de Arbol Chile Pepper
$4.00 – $16.50
Popular in wreaths and other decorations because they retain a bright red color after drying, the Chile De Arbol (“tree-like” in Spanish) is named for its long, woody stem. Be sure to wash your hands after handling, since this Chile carries a strong punch.
Use in Salsa and other Southwest and Central American dishes. De Arbol Chiles are a good substitute for Cayenne, bringing a slightly smoky, crisp Chile flavor.
You mayalso like...
Cayenne Chile Pepper$5.25 – $17.25
Named after the city in French Guiana & popular in the American South, Cayenne Chile delivers a powerful 40,000 – 100,000 Scoville Heat Units with very little added flavor. Use to add heat to any dish.
Rose Petal$4.75 – $11.00
Defining a rose as anything more than as itself was beyond Gertrude Stein, and we will not try to embarrass ourselves in the attempt.
A Rose is a Rose. Roses & other flowers have been used as flavorings for millennia across many cultures. In teas and tisanes, roses have long been considered a cure-all. This history, along with its delicate floral flavor and lovely color, made it particularly popular during the Victorian era.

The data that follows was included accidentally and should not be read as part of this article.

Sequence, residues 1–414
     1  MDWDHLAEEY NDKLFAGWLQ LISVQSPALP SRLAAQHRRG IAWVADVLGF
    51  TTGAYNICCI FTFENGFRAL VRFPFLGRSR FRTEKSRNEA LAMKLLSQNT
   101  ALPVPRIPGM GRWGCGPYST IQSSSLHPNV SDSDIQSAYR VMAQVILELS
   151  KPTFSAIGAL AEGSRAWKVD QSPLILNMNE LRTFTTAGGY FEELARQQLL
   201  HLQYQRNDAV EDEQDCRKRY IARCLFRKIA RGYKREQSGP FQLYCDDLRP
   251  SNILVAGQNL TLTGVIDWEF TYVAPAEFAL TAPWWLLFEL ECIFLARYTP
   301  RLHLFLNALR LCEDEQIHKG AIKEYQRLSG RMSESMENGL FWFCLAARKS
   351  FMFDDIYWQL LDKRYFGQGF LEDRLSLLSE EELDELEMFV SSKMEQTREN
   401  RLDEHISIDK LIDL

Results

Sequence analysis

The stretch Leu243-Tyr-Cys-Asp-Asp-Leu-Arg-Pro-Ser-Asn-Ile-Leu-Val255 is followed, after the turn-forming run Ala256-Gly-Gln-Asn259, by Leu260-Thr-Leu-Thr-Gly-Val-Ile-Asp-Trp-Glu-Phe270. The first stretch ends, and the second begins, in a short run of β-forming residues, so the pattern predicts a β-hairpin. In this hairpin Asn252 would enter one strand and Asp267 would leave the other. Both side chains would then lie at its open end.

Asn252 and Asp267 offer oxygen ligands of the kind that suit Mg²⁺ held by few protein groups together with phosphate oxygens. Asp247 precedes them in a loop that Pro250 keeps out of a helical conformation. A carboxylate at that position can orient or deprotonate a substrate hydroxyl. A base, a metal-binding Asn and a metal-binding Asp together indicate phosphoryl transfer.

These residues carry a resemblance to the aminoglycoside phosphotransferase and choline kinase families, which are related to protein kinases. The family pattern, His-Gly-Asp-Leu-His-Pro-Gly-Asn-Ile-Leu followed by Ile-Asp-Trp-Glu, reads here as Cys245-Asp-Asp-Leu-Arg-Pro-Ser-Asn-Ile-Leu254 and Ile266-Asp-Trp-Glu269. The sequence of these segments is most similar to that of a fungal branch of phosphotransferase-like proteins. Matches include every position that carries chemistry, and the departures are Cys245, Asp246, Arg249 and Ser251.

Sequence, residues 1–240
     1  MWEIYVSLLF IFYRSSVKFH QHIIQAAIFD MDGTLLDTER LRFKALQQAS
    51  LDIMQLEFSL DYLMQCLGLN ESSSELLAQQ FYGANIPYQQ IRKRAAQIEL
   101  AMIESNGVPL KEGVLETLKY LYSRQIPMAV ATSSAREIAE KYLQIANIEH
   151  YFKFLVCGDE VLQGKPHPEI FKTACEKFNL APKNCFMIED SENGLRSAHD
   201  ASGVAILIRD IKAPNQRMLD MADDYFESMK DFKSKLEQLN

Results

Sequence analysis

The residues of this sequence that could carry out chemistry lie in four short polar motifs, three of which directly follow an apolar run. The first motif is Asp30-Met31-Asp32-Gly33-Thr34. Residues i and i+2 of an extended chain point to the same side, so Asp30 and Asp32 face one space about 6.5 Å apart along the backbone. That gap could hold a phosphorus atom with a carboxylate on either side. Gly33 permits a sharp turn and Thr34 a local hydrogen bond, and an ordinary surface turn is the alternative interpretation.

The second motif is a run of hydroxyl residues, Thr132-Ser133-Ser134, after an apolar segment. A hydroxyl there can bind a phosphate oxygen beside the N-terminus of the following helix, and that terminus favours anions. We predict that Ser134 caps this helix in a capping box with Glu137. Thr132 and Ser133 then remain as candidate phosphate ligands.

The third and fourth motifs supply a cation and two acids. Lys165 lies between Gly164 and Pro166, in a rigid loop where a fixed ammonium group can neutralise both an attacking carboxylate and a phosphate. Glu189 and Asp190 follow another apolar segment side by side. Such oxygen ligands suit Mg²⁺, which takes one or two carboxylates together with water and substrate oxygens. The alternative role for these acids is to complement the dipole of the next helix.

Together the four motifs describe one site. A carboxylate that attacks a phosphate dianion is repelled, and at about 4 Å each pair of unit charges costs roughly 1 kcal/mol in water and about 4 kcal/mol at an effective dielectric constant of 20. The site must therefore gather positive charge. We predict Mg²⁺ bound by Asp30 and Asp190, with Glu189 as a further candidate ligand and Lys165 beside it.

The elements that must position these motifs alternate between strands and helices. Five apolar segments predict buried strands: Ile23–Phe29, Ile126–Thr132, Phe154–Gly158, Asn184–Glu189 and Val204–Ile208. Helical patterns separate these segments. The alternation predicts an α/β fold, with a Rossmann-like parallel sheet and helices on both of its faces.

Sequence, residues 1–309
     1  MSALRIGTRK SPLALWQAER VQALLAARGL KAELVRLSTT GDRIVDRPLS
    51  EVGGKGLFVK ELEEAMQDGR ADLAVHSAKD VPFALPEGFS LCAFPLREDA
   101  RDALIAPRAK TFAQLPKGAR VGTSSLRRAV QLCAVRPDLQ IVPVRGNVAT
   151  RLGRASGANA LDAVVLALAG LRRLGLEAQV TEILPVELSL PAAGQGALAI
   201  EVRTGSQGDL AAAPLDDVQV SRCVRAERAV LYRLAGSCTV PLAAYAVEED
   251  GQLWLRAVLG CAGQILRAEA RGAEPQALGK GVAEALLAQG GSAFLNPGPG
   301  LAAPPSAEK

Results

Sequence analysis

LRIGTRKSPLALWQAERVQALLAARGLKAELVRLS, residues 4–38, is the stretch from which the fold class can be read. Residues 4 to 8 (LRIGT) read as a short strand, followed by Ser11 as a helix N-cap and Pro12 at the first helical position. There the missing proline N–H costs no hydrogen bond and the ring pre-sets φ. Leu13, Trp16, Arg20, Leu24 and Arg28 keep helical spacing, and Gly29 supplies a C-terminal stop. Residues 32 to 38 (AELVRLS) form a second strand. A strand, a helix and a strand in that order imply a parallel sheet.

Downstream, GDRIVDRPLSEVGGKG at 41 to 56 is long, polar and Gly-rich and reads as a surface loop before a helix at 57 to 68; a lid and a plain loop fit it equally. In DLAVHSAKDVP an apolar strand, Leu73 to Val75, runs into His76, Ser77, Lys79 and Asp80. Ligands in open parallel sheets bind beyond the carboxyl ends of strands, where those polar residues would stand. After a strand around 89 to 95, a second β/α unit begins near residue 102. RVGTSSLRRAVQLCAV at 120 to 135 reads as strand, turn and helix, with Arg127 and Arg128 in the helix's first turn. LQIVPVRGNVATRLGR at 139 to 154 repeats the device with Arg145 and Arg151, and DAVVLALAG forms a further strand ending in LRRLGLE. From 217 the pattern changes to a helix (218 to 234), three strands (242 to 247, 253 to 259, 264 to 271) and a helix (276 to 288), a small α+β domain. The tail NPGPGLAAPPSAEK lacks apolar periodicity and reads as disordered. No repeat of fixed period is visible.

Chops$6.50 – $21.00
Our favorite rub for pork chops, loin, or tenderloin. Festive Viennese flavor pairs well with apple, cinnamon, and cabbage. In addition to its savory flavor, the Caraway in this blend also aids digestion.
Chervil$4.50 – $15.00
Chervil’s name comes from chaerophyllon, Greek for herb of rejoicing. A classic in French cuisine, it is used alone or as an ingredient in popular blends, such as Fines Herbes and Herbes de Provence. Ancient Romans also used Chervil as a flavoring herb.
Chervil has a light mild flavor, between parsley and anise, but more delicate. Add at the end cooking, so as not to diminish its flavor. Uses: butter and wine sauces, omelets and egg dishes, soups, salads, fish, chicken, and dressings. [Chervil]
Basil$4.75 – $14.25
A symbol of love in Italy, it’s said that a man with a sprig of basil in his hair announced his intentions to wed his love, and she announced her willingness with a pot of basil on her balcony.
A slightly peppery member of the mint family, Basil is pleasantly sweet backed with a bit of spice. Pair with tomato, add to pizza or use with egg dishes, fish, poultry, and salads. Basil is also the main ingredient in pesto.